UC admissions data released Thursday indicate an increase in nonresident and transfer admissions for fall 2015 compared with previous years’ statistics, while California freshman applicants faced a 1.7 percent decline in acceptances.
The results were released after a two-month delay that was primarily due to uncertainty about state funding for enrollment, according to UC spokesperson Dianne Klein. Because the wait list has been fully processed and transfer data added, Klein said, the delay allowed for a “complete picture of who has been offered a spot at a UC campus.”
The University of California admitted a total of 92,324 students from its freshman applicant pool. The admissions reflect a slight decrease in the systemwide admission rate of California students, from 62.9 percent in 2014 to 60 percent. All campuses — except Merced, Riverside and San Diego — admitted fewer California resident freshman than they did a year ago.
The admission rate at UC Berkeley dropped 1 percent this year to 17 percent, because the campus experienced a 7 percent increase in freshman applicants despite a negligible increase in enrollment seats, according to Anne De Luca, campus associate vice chancellor of admissions and enrollment. The incoming UC Berkeley freshman class includes students from 55 states and U.S. territories combined and from 90 countries.
Systemwide, out-of-state and international acceptances increased by about 12.8 percent from last year. The report states that admissions are consistent with the university’s “conservative approach” during a period of budget negotiations with the state.
The state budget, passed in June, will provide $25 million in additional funding if the university indicates that it will enroll an additional 5,000 in-state students by the 2016-17 academic year. Klein said, however, that it is too early to predict the likelihood of meeting that target.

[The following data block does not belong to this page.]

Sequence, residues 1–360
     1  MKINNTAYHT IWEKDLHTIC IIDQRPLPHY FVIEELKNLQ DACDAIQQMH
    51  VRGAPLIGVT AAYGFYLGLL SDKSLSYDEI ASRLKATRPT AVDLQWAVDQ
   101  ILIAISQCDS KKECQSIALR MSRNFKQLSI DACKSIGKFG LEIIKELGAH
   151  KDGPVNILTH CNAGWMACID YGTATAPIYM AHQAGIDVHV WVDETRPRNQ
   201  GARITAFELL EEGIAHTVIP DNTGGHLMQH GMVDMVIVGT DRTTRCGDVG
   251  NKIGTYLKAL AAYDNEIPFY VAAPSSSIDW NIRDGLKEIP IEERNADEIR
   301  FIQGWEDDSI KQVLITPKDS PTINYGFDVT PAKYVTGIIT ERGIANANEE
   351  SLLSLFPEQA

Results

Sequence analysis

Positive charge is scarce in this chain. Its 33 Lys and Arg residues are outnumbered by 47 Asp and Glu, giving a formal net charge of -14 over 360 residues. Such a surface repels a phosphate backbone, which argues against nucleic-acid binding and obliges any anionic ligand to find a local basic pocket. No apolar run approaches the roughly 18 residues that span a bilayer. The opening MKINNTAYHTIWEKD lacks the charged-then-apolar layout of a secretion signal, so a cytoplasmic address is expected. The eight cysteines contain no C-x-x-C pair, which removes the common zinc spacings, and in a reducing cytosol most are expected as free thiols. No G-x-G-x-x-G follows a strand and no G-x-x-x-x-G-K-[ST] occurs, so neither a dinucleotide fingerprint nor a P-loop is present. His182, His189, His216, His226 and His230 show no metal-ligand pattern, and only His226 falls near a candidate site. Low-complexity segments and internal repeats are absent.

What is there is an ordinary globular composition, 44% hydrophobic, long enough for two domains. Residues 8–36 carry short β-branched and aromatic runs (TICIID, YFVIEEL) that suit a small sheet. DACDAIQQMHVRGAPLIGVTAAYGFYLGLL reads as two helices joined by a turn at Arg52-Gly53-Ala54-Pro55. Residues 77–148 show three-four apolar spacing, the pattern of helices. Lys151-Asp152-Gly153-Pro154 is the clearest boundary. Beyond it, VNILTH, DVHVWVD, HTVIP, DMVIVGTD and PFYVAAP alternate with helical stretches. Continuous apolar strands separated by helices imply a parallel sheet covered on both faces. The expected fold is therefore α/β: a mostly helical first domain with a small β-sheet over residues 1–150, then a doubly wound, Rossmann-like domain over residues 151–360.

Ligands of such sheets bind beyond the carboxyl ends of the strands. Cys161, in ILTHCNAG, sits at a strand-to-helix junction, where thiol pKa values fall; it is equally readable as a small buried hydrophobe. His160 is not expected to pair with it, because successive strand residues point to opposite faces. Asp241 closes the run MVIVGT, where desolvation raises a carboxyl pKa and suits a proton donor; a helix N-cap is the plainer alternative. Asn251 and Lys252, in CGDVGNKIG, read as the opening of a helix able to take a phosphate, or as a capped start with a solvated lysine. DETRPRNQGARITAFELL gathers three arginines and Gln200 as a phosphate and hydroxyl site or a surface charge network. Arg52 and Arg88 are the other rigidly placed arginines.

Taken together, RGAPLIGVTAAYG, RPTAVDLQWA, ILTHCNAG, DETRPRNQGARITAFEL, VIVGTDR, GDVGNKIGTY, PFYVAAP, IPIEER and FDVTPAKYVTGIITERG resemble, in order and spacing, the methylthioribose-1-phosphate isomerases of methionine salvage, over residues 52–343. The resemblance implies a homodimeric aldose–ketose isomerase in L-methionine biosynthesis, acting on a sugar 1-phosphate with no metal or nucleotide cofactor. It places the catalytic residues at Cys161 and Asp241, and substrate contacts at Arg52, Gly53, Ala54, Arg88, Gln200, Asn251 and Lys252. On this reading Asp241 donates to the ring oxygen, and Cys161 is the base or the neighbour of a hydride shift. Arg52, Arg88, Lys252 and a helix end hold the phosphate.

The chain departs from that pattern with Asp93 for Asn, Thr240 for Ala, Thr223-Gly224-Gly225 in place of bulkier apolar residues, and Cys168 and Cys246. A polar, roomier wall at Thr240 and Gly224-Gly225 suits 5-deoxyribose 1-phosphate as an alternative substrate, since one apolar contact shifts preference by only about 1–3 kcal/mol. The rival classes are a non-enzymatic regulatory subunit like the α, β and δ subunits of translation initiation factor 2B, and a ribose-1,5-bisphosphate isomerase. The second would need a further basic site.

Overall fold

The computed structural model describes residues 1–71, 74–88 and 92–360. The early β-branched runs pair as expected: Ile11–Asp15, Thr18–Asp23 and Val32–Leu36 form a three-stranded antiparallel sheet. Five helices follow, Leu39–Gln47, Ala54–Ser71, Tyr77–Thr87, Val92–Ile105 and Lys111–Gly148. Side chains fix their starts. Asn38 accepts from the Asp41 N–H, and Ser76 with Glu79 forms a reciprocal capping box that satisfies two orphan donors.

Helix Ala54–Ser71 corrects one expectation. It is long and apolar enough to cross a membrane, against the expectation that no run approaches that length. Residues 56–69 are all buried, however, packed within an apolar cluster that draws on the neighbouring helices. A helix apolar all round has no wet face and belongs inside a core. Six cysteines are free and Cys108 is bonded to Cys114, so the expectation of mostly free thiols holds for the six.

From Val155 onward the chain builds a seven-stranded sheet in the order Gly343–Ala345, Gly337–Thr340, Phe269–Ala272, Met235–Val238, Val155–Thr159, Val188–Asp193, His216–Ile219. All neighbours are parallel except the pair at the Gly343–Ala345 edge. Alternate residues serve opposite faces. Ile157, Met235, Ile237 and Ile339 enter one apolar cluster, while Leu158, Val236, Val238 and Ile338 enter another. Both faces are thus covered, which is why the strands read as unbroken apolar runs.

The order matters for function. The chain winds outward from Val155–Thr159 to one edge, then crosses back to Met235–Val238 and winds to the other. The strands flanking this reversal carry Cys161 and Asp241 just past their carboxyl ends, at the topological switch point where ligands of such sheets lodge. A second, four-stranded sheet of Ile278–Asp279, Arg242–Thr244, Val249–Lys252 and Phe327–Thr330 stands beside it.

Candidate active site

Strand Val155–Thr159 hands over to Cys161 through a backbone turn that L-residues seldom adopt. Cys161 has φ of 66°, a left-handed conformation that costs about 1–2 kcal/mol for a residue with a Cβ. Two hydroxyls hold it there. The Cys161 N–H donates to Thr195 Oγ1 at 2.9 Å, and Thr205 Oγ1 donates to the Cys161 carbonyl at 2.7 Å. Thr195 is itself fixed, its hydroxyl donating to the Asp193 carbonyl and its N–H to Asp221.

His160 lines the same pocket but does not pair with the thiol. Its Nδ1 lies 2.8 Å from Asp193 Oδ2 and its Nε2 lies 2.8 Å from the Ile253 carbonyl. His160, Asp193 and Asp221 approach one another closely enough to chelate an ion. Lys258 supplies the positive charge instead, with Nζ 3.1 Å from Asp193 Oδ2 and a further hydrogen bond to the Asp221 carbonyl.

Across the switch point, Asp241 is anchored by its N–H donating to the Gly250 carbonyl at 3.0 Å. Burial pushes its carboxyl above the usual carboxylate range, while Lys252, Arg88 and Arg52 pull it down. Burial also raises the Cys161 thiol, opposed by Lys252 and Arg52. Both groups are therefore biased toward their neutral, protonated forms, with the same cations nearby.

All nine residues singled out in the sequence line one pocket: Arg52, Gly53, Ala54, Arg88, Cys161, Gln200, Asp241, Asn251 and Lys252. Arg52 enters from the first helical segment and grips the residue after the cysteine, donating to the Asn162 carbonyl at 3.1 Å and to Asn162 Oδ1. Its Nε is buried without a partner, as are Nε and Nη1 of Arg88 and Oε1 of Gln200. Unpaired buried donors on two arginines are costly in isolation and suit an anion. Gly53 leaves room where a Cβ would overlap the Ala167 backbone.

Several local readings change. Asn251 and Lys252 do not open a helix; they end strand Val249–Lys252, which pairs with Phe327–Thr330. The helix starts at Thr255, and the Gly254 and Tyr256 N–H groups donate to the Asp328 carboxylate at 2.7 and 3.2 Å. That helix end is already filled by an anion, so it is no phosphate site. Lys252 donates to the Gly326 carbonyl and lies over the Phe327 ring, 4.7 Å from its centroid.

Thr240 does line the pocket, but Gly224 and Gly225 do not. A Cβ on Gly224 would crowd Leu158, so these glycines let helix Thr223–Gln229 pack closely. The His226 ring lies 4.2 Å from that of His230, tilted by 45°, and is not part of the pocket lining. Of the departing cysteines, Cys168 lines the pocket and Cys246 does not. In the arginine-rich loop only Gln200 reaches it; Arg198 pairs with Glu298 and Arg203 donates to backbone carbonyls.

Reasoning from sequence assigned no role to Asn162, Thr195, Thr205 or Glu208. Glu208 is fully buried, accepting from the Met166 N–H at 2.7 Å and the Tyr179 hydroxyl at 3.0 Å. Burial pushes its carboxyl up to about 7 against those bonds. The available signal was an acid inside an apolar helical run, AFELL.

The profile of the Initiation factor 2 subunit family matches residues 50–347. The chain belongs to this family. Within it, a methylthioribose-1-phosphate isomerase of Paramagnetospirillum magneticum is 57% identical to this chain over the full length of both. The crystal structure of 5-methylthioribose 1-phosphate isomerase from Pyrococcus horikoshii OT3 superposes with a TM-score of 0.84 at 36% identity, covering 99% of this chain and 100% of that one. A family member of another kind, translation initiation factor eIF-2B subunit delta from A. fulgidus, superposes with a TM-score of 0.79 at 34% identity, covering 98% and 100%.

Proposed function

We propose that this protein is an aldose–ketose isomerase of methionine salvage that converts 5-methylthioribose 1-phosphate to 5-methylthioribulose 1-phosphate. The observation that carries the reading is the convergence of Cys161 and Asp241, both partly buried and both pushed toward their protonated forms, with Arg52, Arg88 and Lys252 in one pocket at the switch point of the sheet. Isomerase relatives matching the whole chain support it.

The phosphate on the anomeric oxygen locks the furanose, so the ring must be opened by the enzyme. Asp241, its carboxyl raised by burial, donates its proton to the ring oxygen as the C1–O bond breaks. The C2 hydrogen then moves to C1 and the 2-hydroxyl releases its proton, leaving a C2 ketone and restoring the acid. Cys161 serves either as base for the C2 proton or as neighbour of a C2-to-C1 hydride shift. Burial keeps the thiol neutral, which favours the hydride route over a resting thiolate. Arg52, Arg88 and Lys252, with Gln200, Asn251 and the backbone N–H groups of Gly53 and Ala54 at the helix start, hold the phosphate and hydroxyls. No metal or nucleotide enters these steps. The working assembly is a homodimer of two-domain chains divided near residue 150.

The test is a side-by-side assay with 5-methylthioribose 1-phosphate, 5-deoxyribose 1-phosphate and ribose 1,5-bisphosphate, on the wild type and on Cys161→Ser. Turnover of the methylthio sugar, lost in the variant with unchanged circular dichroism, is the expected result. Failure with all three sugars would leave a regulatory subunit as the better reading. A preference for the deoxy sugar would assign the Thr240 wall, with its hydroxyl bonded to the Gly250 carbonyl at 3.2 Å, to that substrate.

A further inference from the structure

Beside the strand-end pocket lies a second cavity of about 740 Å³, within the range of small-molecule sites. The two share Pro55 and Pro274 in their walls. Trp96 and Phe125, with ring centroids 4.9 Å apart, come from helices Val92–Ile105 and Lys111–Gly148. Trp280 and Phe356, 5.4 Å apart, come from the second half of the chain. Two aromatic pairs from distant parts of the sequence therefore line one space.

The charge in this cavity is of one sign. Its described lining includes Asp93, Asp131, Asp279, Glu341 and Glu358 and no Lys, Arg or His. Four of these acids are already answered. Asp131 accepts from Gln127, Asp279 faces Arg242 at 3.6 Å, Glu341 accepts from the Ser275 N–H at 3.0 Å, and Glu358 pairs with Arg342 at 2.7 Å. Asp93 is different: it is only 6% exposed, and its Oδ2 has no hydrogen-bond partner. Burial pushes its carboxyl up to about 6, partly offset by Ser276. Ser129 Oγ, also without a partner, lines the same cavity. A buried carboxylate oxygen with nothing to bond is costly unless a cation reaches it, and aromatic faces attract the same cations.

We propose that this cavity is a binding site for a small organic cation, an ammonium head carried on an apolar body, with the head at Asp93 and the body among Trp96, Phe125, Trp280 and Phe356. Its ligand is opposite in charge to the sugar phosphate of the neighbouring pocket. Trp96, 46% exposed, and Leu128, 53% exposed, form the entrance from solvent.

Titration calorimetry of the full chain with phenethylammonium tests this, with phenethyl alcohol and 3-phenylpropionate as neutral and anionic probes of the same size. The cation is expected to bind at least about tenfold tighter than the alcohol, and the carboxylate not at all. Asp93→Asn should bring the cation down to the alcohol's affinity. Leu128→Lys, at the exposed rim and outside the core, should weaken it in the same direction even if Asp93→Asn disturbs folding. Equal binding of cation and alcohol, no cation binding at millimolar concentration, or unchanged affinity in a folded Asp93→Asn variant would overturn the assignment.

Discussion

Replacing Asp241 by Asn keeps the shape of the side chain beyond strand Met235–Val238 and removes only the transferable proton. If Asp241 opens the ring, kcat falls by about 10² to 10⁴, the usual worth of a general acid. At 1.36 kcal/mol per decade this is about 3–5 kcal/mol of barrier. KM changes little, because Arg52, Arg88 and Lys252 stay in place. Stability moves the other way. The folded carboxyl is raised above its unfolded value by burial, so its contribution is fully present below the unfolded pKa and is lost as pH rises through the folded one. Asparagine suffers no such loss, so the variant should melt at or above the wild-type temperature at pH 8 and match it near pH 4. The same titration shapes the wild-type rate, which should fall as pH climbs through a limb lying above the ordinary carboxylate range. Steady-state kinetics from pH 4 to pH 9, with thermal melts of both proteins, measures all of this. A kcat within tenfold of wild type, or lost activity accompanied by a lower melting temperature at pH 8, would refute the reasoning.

Out-of-state students currently pay about $23,000 more in tuition than California residents do, according to Stephen Handel, UC associate vice president of undergraduate admissions. After the UC Board of Regents’ approval of an 8 percent nonresident tuition increase in May, however, that number will jump to about $24,700 for the upcoming academic year.
Revenue from nonresident students “helps to make up for the cutbacks in state support received over the years,” Handel said.
Despite the drop in acceptance of California residents, the university will continue to guarantee admission to at least one of its campuses to all students in the top 9 percent of their high school class or of state students.
All UC campuses, except Berkeley, also admitted more transfers from California community colleges than they did last year, which Handel believes reflects an overall trend in the pursuit of higher education nationwide.
The university aims to reach a 2-to-1 freshman-to-transfer enrollment ratio.
“I anticipate that in the next couple of years, we’ll have to accommodate even more transfer students,” Handel said.
The diversity of admitted freshmen this year was relatively stable when compared with last year. Asian American and Latino admissions increased, while black admissions remained unchanged and white admissions saw a slight decline.
Starting in fall for the first time, 15 percent of UC Berkeley freshman admits will be able to choose from three alternative enrollment options, designed to accommodate more freshmen. These students can choose to study in London during the fall semester with the new Global Edge program, take courses through UC Berkeley Extension’s Fall Program for Freshman or take the fall semester off and join their peers on campus in January 2016.